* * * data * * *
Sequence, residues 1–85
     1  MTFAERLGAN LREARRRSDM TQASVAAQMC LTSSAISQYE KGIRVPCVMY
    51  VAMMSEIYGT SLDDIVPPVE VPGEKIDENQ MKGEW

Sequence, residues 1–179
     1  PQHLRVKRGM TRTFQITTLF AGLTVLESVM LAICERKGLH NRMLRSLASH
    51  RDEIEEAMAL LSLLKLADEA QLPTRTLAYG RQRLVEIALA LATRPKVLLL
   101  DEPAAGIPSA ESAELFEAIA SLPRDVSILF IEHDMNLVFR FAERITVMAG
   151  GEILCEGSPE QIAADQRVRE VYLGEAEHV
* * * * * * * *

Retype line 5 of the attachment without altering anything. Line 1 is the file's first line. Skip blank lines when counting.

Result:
     1  PQHLRVKRGM TRTFQITTLF AGLTVLESVM LAICERKGLH NRMLRSLASH